Monday, November 5, 2018

“Clothes of Charm” - The Gorton Coy

by Erin Doane, Curator
The Gorton Coy, northeast corner of Main and Water Streets, 1949
For 56 years, the Gorton Coy was Elmira’s leading specialty shop. Women of discerning taste shopped there for all of their fashion needs. On July 3, 1916, Warren A. Gorton of Batavia purchased E. N. Crandall’s store, a small shop at 127 West Water Street in Elmira. Within days of the purchase, Gorton announced he would be selling off all of Crandall’s stock in order to make way for the new Gorton Company fashions. Gorton’s partner and co-owner of the store, Morris A. Black, was president of the Lindner Company of Cleveland and the manufacturer of “Wooltex” clothing. Their store in Elmira became the area’s exclusive seller of the Wooltex line. In 1917, they moved the store to 107 East Water Street.

Elmira Star-Gazette, July 10, 1916
George H. Danzig became manager of the store in 1919 and worked to transform it into a fashion center for the city. He had a second floor added to the single-story building and brought in a shoe department and a millinery department, the Charm Hat Shop. He built the store’s reputation among fashionable, discriminating women in the 1920s by stocking exclusive brands.  He was also the one who decided that the company’s name would be abbreviated to the Gorton Co’y, as was common in England. A sign painter, not understanding the abbreviation, produced a sign for the store that simply read “Gorton Coy” and the name stuck. In 1923, Danzig purchased 51 percent of stock in the company and took effective control of the business. Six years later, when his health began to fail, he sold his share of the store to Morris Black.

Elmira Star-Gazette, September 19, 1928
In the late 1920s, plans started being made to move the Gorton Coy to a new, larger building. A desirable location at the corner of Main and Water Streets was selected and a lease was secured. Then, the work began on building the store’s new home. On June 13, 1930, as excavation at the site was just nearing completion, tragedy struck. A wooden walkway that had been constructed along the west side of the work area collapsed under more than twenty pedestrians. Eleven-year-old Maria Smolka died in the accident and Effie W. Corey died the next day from her injuries after spending 45 minutes pinned in the wreckage. Nineteen others were sent to the hospital. Twenty lawsuits were subsequently filed against the Lowman Construction Company, which was in charge of the building project.

Building site after the walkway’s collapse, June 1930
The project continued, however, and on March 12, 1931 at 9:30am the new Gorton Coy store opened for business. The building was one of the last projects designed by Pierce and Bickford and is one of the only known examples of Art Deco architecture associated with the firm. The building’s three floors were filled with fashion, from coats and dresses to sportswear and undergarments. There was a beauty salon conducted by M. Henri of Paris on the third floor and a modern tearoom with two private dining rooms. The general offices were also on the third floor and the building was plumbed with a pneumatic tube system for transporting paperwork.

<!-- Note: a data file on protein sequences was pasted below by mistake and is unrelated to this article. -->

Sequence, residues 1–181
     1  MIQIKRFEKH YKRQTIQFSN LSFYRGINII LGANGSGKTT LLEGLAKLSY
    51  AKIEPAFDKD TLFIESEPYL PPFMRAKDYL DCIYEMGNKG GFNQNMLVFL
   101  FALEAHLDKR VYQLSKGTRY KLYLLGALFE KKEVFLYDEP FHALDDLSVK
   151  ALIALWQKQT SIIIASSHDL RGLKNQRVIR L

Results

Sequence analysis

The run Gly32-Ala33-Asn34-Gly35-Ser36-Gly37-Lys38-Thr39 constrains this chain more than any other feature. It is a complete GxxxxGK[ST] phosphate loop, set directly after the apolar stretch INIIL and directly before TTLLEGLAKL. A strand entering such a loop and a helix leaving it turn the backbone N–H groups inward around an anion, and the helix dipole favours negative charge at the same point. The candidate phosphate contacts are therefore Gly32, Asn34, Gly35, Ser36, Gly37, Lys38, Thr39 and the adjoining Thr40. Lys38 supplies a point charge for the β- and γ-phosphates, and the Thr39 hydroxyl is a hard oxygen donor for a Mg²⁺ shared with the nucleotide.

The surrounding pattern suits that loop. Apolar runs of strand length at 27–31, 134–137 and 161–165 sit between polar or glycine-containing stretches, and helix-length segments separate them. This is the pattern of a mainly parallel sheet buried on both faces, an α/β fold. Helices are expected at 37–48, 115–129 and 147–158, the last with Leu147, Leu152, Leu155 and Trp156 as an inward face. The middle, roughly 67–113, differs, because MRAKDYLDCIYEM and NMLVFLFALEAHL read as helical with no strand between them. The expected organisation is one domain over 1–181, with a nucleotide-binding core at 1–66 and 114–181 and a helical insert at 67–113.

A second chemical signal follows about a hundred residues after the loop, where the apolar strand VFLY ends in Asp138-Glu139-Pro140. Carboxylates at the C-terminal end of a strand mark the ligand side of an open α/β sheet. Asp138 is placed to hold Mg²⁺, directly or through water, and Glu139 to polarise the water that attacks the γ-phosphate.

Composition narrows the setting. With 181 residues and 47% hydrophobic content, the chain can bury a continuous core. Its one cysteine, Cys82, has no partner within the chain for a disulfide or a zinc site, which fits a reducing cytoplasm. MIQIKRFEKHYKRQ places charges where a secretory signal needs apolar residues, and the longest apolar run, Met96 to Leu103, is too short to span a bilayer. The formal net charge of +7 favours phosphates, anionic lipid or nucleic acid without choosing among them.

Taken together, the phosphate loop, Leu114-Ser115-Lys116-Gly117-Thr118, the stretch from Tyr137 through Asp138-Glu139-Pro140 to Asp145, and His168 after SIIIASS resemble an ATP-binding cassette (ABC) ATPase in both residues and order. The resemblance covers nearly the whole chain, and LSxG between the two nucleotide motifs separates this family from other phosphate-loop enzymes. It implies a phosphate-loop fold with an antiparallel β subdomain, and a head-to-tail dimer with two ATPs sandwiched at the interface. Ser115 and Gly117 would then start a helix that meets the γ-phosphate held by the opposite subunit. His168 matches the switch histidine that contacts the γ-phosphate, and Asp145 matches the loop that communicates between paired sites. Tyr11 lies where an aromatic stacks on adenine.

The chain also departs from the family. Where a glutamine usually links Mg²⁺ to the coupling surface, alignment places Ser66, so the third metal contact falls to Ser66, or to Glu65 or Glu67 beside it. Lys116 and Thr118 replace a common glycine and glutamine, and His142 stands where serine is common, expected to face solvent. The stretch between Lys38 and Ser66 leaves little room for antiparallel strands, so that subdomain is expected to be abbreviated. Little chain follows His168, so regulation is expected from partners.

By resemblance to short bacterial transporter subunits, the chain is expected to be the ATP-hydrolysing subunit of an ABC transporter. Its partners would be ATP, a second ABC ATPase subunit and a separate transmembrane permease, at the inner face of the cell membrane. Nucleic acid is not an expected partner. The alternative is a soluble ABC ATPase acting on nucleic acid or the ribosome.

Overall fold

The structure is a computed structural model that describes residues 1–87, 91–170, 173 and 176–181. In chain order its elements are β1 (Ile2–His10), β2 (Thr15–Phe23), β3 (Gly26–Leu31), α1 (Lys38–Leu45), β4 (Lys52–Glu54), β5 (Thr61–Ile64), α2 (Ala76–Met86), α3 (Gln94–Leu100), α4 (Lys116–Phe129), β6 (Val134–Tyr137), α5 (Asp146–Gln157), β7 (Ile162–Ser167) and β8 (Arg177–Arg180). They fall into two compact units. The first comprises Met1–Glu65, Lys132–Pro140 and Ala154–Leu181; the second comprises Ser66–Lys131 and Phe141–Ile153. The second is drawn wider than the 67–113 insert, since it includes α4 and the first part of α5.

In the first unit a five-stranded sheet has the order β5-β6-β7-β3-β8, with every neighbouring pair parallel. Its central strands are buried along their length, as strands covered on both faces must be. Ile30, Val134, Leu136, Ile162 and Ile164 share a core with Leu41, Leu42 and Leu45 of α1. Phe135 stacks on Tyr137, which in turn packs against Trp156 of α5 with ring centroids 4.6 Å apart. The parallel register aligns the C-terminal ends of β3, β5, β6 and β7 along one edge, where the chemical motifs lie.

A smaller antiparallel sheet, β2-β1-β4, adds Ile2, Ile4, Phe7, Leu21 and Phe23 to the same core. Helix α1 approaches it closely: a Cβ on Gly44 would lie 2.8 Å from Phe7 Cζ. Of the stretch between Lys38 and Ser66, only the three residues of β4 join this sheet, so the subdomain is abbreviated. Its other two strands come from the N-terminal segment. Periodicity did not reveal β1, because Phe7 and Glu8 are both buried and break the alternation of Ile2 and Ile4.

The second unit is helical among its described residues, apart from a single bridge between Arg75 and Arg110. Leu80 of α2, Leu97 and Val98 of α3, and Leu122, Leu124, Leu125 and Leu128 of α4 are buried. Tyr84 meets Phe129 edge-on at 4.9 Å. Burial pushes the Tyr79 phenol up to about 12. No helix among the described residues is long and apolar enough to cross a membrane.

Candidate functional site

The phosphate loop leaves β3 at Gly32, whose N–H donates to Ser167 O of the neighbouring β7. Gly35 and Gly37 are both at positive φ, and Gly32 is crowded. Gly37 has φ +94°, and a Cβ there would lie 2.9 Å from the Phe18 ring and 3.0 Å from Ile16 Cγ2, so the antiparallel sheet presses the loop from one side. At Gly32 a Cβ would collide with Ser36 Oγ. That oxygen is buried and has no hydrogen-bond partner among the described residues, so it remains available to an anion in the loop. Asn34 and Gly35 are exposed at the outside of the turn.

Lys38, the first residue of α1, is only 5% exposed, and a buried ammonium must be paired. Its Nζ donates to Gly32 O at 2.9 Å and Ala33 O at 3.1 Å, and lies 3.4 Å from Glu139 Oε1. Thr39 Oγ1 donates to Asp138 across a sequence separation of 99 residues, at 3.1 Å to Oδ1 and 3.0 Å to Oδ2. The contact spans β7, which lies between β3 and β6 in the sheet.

Pneumatic tube carrier used at the Gorton Coy
In 1938, Richard G. Raitt moved to Elmira to work as manager of the Gorton Coy. In 1941, he purchased the company outright and became the sole owner. In the mid-1940s, a department with electrical appliances for the home was added, the beauty salon was renovated and enlarged, and five toddler, child, and teen departments were combined to form Gorton’s Youth Center. Two new stores were also opened in Penn Yan and Geneva.

Electric City shop at Gorton Coy, 1946
Younger Set Shop at Gorton Coy, 1950
In 1967, Lane Bryant Inc. purchased Gorton Coy. Two years later, $250,000 was spent on a modernization program to make improvements to the entire store. Two new departments catering to tall women and larger women were added and one of the two manual elevators was replaced by a self-service elevator.

Buttons from one of the Gorton Coy’s manual elevators
Gorton Coy hatboxes, c. 1940s-1960s
The flood of June 1972 did considerable damage to the basement and first floor of the Gorton Coy. As a result, the store closed and its forty employees were laid off. In September of that year, Lane Bryant announced that the store was closing for good. In October, Luckey-Platt & Co. purchased the company and continued operating the store with marginal success under the Gorton Coy name until 1975 when it finally closed its doors for the last time. In 1988, the words “Gorton Coy” were removed from the building and in April 1991, the building was renamed the Komer Center.

Elmira Star-Gazette, November 6, 1972


  1. interesting history about a local famous store....sad about the deaths that happened with the construction...ohhh shopping in downtown Elmira those where the days

  2. Richard Raitt was my father. He had several newspaper ads from the Gorton Coy framed, I don't know what became of them. He told me many stories about the business there; I've collected a good many of them in a post on the "If You're Really from Elmira" Facebook group.